Forest Bioenergy or Forest Carbon: A Review
International Journal of Sustainable and Green Energy
Volume 3, Issue 6, November 2014, Pages: 132-142
Received: Sep. 18, 2014; Accepted: Oct. 14, 2014; Published: Dec. 5, 2014
Views 2727      Downloads 174
Keith Openshaw, Retired forest/energy economist. Formerly with the International Resource Group (IRG ENGILITY) of Washington D.C.
Article Tools
Follow on us
An article by Jon McKechnie et al entitled Forest Biomass or Forest Carbon purports to use an integrated life cycle assessment (LCA) and forest carbon analysis when examining the use of wood for electrical generation. Most publications assume that the CO2 emitted is carbon neutral because plants will re-absorb the CO2 through photosynthesis. However, the article challenges this hypothesis and states that incomplete LCAs are undertaken. The article demonstrates that it will take many years to recapture the CO2 when the wood is used for bioenergy. But when analyzing the capture of CO2, only regrowth is considered and not the tree growth of the whole forest. If in the example given, a full account is taken of the above-ground yield, it is shown that the annual increment from the management units is nearly double the potential removals for wood products, including bioenergy. Thus, rather than a decrease in forest capital there is an increase. Proper and full LCAs must be undertaken of the whole forest, rather than partial analysis: the latter results in erroneous accounting. It is very misleading and should not be used or cited. This same error has been made by a number of other quoted publications.
Carbon Accounting, Carbon Sequestration and Use, Bioenergy, Life Cycle Assessment
To cite this article
Keith Openshaw, Forest Bioenergy or Forest Carbon: A Review, International Journal of Sustainable and Green Energy. Vol. 3, No. 6, 2014, pp. 132-142. doi: 10.11648/j.ijrse.20140306.13
Canadian NFI 2001.
Chen J et al 2010. Carbon budget of Ontario’s managed forests and harvested wood products 2001-2010, Forest Ecology and Management 259 (2010) 1385-1398.
Chen J et al 2008. Future carbon storage in harvested wood products from Ontario’s crown forests, Can. J. For. Res. 38 1947-1958.
HMSO 1971. British Forestry Commission Booklet No. 34 (Metric). Her Majesty’s Stationery Office. London.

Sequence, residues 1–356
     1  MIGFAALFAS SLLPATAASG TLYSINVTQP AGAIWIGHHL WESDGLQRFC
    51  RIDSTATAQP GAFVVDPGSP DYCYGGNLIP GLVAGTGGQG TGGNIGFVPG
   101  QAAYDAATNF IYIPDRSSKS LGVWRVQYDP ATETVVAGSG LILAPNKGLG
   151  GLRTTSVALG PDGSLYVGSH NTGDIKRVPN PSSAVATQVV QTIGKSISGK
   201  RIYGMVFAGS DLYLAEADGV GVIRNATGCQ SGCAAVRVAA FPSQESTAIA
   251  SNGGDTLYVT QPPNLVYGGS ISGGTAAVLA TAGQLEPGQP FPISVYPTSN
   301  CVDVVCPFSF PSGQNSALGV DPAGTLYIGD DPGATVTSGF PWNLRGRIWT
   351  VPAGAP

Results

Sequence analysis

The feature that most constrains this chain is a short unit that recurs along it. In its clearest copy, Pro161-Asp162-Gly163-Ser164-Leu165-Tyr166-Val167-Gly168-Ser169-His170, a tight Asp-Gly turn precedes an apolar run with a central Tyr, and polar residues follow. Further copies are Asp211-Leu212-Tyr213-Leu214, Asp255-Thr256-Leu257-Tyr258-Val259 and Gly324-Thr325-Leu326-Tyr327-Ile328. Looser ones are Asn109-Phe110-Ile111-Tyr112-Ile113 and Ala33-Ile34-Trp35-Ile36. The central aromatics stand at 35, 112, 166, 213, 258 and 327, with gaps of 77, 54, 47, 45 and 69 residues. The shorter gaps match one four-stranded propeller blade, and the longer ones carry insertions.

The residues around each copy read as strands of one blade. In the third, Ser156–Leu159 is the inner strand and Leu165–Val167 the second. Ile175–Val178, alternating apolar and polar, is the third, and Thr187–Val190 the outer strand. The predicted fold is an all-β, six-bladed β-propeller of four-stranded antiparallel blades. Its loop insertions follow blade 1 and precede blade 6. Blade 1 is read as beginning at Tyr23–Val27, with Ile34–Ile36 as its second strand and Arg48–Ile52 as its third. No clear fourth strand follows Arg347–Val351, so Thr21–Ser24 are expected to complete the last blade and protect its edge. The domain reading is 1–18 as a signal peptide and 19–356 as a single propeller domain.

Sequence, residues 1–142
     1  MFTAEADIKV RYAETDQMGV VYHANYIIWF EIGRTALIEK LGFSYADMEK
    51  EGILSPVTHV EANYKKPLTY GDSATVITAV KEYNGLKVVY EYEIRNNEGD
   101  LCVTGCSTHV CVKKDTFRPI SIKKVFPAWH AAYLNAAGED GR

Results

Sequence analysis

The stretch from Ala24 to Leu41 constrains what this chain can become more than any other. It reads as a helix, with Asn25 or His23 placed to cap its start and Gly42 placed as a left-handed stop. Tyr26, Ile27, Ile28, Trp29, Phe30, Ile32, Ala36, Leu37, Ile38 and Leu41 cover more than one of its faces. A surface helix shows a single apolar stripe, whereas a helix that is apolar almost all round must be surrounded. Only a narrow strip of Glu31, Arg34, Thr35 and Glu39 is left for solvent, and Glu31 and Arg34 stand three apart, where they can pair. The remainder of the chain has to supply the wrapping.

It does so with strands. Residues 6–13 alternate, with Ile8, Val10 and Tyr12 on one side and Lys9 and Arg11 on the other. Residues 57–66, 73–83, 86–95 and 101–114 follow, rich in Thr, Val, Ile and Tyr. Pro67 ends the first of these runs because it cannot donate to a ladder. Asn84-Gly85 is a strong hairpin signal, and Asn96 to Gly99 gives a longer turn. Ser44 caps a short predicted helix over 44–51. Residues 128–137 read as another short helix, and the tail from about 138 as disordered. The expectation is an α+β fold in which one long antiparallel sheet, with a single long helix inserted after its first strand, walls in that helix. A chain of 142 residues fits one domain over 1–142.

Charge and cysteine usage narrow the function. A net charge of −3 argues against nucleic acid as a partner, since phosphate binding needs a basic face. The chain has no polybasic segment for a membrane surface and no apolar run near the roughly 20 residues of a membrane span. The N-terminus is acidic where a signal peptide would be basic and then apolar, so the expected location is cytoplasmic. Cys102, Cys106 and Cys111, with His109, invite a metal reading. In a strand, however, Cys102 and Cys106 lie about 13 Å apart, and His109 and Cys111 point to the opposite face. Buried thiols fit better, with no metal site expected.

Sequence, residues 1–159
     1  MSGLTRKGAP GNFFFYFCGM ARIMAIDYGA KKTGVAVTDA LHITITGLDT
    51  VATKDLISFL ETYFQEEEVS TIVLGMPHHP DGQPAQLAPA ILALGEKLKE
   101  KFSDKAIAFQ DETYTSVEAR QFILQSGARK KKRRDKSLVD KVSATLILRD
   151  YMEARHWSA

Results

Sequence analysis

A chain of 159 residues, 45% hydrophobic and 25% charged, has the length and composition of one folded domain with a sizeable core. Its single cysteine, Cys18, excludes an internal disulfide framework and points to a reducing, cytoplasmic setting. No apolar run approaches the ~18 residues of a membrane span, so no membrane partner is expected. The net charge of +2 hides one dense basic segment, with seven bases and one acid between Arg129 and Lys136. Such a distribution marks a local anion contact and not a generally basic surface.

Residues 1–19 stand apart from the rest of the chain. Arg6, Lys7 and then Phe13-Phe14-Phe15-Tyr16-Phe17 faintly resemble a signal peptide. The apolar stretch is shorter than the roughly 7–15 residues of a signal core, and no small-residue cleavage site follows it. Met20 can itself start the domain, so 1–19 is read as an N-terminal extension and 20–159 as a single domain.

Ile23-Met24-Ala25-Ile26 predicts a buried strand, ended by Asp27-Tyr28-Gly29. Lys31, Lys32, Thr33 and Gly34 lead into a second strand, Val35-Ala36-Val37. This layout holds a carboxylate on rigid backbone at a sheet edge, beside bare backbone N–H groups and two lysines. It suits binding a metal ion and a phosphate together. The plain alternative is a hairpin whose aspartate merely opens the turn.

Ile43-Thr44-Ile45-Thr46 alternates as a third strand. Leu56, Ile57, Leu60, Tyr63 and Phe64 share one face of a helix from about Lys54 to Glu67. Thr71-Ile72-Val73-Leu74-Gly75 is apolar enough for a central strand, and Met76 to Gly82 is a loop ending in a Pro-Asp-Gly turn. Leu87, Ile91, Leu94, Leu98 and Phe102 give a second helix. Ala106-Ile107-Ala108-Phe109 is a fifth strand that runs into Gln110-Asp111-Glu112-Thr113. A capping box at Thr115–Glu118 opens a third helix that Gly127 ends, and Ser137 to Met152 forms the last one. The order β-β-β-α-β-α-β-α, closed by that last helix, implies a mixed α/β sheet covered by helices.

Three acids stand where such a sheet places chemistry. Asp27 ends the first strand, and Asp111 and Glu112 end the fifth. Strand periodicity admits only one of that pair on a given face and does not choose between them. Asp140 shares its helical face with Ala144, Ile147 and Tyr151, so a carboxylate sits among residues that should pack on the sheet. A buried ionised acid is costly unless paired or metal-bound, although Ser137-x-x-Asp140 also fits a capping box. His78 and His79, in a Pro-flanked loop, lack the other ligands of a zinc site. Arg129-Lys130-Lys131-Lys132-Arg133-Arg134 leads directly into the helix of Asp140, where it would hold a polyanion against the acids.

Institute for European Environmental Policy 2012. The GHG intensity of biomass: does biomass have a role to play in reducing Europe’s GHG emissions. IEEP, 15 Queen Anne’s Gate, London, SW1H 9BU. UK.
KBM Forestry Consultants Inc. 2008. Algoma Forest – Independent Forest Audit Report to Ontario Forest Service. KBM, 349 Mooney Av, Thunder Bay, ON P7B 5L5 Canada.
KPMG LLP 2008. Wood pellet plant cost study for the Algoma and Martel forests in the western portion of the Great Lakes/St. Lawrence forests. KPMG LLP, 4600-333 Bay St. Bay Adeland Centre, Toronto, Ontario M5H 2S5 Canada.
Manomet Center 2010. Biomass sustainability and carbon policy study. Manomet Center for Conservation Sciences. 81 Stage Point Road, Plymouth, MA 02360, USA.
Matthews R et al 2012. ‘Carbon impacts of using biomass in bio-energy and other sectors: forest’. A report for DECC – project TRN 242/08/2011 published in support of the UK bio-energy strategy. Forest Research and North Energy UK.
McKechnie J et al 2011. Forest bioenergy or forest carbon? Assessing trade-offs in greenhouse gas mitigation with wood-based fuels, (with supporting information). Environ. Sci. Technol. 45 789-795.
Searchinger T 2012. ‘Sound principles and important inconsistency in the 2012 UK bioenergy strategy’, with appendix. Woodrow Wilson School of Public and International Affairs, Princeton University. Princeton, NJ, USA.
Searchinger T et al 2009. Fixing a critical climate accounting error. Science 2009, 326 (5952) 527-528.
The (UK) Royal Society for the Protection of Birds/Friends of the Earth/Greenpeace 2012. ‘Dirtier than coal? Why [UK] government plans to subsidise burning trees are bad news for the planet’. Royal Society for the Protection of Birds, the Lodge, Potton Road, Sandy, Bedfordshire, SG 19 2DL, UK.
UK Forestry Commission 2003. Forests, carbon and climate change: the UK contribution. Report to the IPCC. F.C. Environmental Research Branch, Alice Holt Lodge, Wrecclesham, Farnham, Surry, GU10 2LH, England.
USDA 2009. FORECARB2: an updated version of the U.S. forest carbon budget model, Linda S. Heath et al. Forest Service, Northern Research Station, General Technical Report NRS-67. U.S. Forest Service, 11 Campus Blvd, Suite 200, Newtown Square, PA 19073, USA.
Zang Y et al 2010. Life cycle emissions and cost of primary electricity from coal, natural gas and wood pellets in Ontario Canada, (with supporting information). Environ. Sci. and Technol. 44 538-544.
Science Publishing Group
1 Rockefeller Plaza,
10th and 11th Floors,
New York, NY 10020
Tel: (001)347-983-5186